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Traumatic bone cyst of the mandible of possible iatrogenic origin: a case report and brief review of the literature

Arsinoi A Xanthinaki12*, Konstantinos I Choupis12, Konstantinos Tosios12, Vasilios A Pagkalos12 and Stavros I Papanikolaou12

Author Affiliations

1 Oral Pathology Department, School of Dentistry, University of Athens, Athens, Greece

2 Oral and Maxillofacial Surgery Department, School of Dentistry, University of Athens, Athens, Greece

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Head & Face Medicine 2006, 2:40  doi:10.1186/1746-160X-2-40

Published: 12 November 2006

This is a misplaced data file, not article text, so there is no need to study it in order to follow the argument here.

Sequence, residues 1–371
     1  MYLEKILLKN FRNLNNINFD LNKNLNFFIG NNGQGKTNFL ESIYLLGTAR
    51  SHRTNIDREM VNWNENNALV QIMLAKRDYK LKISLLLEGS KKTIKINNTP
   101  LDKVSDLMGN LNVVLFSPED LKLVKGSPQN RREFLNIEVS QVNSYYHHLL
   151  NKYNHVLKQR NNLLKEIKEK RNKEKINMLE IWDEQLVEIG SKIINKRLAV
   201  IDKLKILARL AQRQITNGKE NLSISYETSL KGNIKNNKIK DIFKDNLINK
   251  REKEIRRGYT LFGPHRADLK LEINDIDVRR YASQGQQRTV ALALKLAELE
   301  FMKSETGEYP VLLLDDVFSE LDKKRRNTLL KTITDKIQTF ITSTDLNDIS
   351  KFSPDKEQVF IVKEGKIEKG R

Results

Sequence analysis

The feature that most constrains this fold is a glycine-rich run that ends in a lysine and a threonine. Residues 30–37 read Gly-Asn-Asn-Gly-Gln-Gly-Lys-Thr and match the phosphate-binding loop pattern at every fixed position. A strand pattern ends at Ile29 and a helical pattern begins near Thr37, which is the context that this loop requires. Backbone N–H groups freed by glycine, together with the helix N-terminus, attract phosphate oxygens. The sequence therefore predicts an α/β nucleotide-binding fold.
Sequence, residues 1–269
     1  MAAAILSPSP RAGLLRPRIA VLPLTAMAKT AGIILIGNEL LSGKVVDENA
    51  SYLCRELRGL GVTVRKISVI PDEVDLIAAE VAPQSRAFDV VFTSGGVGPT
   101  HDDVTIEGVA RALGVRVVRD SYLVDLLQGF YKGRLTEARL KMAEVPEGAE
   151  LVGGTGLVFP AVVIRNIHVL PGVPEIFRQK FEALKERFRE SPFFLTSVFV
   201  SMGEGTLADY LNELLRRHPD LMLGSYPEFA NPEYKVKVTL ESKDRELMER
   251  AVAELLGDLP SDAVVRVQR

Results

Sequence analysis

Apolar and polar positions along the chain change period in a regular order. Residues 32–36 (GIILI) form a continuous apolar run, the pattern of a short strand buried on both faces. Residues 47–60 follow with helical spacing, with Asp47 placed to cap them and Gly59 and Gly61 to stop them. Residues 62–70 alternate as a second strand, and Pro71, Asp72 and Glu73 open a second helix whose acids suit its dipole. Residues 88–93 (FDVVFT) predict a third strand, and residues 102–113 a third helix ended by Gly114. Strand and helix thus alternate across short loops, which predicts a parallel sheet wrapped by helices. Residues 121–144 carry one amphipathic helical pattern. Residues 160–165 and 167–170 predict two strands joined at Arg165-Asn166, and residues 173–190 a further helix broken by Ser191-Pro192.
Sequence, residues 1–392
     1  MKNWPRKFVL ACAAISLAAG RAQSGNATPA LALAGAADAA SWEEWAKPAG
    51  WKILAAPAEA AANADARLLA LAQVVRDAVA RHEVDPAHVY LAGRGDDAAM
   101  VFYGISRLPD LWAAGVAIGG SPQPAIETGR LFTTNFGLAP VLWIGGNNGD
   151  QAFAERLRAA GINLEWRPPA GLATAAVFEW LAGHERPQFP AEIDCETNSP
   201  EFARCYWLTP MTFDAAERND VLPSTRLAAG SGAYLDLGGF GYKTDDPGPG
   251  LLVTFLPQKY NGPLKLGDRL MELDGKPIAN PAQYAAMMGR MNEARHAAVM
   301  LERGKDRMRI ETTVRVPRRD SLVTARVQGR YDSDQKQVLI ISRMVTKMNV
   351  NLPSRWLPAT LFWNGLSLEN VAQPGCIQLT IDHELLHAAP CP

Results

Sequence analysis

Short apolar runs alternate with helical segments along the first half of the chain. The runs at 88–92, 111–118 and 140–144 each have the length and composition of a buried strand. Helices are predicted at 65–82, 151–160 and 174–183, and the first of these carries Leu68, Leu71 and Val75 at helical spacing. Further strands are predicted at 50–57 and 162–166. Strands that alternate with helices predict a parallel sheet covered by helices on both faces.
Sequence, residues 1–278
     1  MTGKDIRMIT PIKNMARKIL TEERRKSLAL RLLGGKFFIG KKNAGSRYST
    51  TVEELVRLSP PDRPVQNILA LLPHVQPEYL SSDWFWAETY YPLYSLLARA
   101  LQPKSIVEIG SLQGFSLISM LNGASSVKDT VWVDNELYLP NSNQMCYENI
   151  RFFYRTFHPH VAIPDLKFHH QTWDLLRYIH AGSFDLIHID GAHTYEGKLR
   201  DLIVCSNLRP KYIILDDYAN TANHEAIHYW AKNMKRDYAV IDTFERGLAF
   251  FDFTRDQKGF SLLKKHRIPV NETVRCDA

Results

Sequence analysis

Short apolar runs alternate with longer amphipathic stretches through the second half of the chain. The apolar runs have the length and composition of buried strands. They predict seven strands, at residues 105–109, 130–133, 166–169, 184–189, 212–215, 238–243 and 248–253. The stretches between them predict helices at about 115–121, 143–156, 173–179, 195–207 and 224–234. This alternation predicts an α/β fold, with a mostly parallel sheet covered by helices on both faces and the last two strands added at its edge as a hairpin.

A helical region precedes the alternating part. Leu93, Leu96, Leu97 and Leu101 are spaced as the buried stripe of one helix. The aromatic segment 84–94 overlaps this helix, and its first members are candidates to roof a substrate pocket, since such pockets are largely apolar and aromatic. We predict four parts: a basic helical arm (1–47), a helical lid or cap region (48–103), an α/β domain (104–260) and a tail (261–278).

The traumatic bone cyst (TBC) is an uncommon nonepithelial lined cavity of the jaws. The lesion is mainly diagnosed in young patients most frequently during the second decade of life. The majority of TBCs are located in the mandibular body between the canine and the third molar. Clinically, the lesion is asymptomatic in the majority of cases and is often accidentally discovered on routine radiological examination usually as an unilocular radiolucent area with a "scalloping effect". The definite diagnosis of traumatic cyst is invariably achieved at surgery. Since material for histologic examination may be scant or non-existent, it is very often difficult for a definite histologic diagnosis to be achieved. We present a well documented radiographically and histopathologically atypical case of TBC involving the ramus of the mandible, which is also of possible iatrogenic origin. The literature is briefly reviewed.